200 Meters,” the third MENA film in the series, was screened in the Peeler Auditorium on Wednesday, Feb. 21. Made by Palestinian director Ameen Nayfeh, it won the Audience Award at the Venice International Film Festival in 2020. The story follows a father, Mustafa, who lives on the Palestinian side of the border wall, trying to get to his family who lives on the Israeli side. In a time of emergency, Mustafa pays smugglers to illegally transport him  and spends a day’s journey with a motley crew of people who bond through their shared struggles. 

The setting oscillates between two West Bank villages, one controlled by Palestine and the other Israel, demarcated by a wall. Nayfeh uses the territories to reflect the conflict and turmoil that impacts people’s identities and sense of belonging. Throughout the film, tension and fear arise from Israel's heavy military presence and power within the Gaza Strip. This is pertinent to understanding the history behind the ongoing conflict in Palestine, which many activists are referring to as a genocide. AP news reports a death toll of over 30,000 Palestinian people and over 70,000 wounded since the most recent flare up of the ongoing conflict began on October 7. Films like “200 Meters help subvert the popular, antagonistic narrative of Palestinians and humanize their experiences, which is important in the fight for a free Palestine. 

The movie starts by establishing the family dynamics between Mustafa, his wife Salwa and their three children. Though they cannot be together all the time, since Mustafa’s permit to be in Israeli territory has expired and to get one is a long and complex process, the moments they  spend as a family are full of joy and love. There is some bitterness about Mustafa’s physical and emotional absence, but he does his best to make it up with nightly phone calls and light shows from his terrace, visible from Salwa’s house just 200 meters away. The plot centers around Mustafa’s journey to a hospital in Salwa’s village because his son has met with an unfortunate accident. He hitches a ride with smugglers in the business of illegally transporting Palestinians without official identification across the border. Mustafa is joined by a variety of other people, including a Jewish German filmmaker, although her religious identity is unknown to viewers at the start.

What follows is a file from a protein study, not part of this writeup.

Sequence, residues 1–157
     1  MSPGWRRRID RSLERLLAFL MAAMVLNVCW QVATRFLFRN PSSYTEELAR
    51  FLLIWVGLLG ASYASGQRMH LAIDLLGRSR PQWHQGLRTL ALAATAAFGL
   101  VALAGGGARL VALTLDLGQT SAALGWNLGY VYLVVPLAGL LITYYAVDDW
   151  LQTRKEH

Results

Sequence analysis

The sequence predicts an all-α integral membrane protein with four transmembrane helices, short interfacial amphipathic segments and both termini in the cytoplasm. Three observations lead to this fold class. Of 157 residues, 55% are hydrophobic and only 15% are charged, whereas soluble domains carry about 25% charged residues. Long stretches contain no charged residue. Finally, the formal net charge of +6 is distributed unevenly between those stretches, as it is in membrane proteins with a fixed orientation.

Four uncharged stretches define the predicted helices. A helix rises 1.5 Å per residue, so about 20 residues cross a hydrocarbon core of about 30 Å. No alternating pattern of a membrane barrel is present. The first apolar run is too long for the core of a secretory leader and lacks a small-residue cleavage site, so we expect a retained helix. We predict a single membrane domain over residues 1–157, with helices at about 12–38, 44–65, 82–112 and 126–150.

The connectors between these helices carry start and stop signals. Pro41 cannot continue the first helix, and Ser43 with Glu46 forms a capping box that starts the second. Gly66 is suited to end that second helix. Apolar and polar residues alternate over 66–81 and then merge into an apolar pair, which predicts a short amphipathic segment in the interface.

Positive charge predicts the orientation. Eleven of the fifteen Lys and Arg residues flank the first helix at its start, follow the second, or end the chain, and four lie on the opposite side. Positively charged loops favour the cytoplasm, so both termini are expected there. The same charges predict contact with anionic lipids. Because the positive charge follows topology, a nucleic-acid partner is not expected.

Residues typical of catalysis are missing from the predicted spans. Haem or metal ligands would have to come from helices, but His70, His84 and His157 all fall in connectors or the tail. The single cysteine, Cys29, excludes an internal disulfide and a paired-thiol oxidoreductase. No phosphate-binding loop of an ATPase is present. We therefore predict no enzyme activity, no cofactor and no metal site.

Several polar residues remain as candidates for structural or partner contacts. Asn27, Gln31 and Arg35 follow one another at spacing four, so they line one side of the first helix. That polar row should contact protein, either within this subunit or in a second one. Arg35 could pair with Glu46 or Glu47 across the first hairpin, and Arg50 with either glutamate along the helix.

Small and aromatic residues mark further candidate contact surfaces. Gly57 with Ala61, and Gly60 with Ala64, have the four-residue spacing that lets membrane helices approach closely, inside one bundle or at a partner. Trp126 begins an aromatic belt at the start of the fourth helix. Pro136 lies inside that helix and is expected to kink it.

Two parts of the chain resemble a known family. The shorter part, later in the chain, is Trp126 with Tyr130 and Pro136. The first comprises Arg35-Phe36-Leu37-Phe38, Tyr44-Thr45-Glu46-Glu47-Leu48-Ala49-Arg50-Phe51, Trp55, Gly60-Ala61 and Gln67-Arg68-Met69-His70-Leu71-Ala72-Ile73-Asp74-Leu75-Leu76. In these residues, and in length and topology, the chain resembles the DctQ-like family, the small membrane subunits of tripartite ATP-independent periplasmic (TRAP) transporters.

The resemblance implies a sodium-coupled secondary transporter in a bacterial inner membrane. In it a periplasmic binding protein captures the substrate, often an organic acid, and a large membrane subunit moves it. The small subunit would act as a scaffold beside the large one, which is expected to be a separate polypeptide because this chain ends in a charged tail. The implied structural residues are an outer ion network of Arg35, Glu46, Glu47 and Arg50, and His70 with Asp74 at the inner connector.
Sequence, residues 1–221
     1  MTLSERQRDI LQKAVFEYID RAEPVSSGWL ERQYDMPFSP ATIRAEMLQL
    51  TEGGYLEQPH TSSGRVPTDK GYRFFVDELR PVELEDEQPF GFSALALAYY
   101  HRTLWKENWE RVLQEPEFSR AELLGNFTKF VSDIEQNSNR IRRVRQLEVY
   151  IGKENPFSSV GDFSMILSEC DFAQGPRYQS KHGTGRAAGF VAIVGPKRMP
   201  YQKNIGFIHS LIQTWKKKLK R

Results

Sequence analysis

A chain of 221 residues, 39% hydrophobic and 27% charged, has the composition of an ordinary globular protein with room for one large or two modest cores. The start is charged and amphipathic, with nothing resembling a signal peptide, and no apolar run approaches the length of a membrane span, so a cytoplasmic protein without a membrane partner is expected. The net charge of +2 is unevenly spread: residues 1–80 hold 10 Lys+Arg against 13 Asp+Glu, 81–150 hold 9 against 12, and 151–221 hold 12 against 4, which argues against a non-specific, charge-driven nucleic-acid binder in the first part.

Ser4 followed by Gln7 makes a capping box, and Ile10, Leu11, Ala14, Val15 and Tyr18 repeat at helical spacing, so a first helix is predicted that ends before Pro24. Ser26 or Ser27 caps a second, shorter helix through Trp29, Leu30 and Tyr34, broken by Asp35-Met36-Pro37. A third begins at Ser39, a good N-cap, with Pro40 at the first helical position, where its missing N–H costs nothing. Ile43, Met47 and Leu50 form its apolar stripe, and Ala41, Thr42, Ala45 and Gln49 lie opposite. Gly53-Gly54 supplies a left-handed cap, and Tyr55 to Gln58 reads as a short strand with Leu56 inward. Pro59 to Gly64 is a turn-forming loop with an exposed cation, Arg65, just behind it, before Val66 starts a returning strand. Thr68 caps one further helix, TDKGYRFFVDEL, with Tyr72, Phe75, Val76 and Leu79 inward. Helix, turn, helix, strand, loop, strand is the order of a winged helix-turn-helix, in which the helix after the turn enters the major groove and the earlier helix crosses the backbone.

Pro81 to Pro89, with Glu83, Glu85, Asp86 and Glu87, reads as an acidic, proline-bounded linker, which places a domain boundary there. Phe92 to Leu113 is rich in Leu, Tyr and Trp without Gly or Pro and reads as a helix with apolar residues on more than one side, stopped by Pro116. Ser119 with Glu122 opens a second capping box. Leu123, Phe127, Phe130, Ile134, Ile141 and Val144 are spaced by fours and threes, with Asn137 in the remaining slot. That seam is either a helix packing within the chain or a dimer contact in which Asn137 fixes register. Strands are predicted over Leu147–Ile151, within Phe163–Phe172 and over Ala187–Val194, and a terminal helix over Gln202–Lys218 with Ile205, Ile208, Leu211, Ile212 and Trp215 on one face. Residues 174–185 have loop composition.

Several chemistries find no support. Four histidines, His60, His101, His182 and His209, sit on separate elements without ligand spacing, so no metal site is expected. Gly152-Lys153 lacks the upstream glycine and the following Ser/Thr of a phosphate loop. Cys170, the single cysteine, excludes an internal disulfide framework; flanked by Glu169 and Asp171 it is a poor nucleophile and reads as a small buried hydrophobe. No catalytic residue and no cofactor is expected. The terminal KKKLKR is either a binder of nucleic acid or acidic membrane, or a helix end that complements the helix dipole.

The interactions between the various characters explore themes of cultural appropriation, fear and animosity cultivated by military oppression and the tie of identity to place during times of conflict. Although everyone’s reasons for getting across the border are different, they all carry the burden of their Palestinian identity with a combination of pride and caution. The Jewish German filmmaker, Anne, is constantly recording the journey, despite everyone being uneasy with her documentation of what is clearly illegal and dangerous. When the person she’s traveling with, Kifah - who needs to get to a cousin's wedding - jumps out of the van and takes down an Israeli flag from the side of the road, everyone first admonishes him and then her for recording it. While all the travelers are already on edge, and many arguments arise amidst the thick tension, Anne’s questioning and filming brings in an element of Western appropriation to the mix. She is safe as a Caucasian person, and is also half Israeli, so her fascination with the lives of the others in the vans borders on the fetishization of the turbulent lives of people in Asian and other countries through the Western gaze. 

Ultimately, the group splits apart and we are left with Anne, Kifah, Mustafa and a young boy called Rami feigning nonchalance as they pretend to be tourists. Anne’s Israeli heritage is revealed as she speaks Hebrew with a soldier, and Kifah confesses his conflicted feelings for her. Rami is overcome with anxiety and has to be admitted to the hospital, where Mustafa holds his hand, perhaps imagining that Rami is his son. The heartbreaking moment represents the separation of so many families that has only amplified in the current state of occupation and bombing in Palestine. A sense of kindredness and community forms between all people facing displacement, loss, sickness, injury and starvation, and the lines between family, friend and stranger start to blur. In the end, Mustafa is able to see his son, but remains separated from his family by a wall, a war, and 200 meters.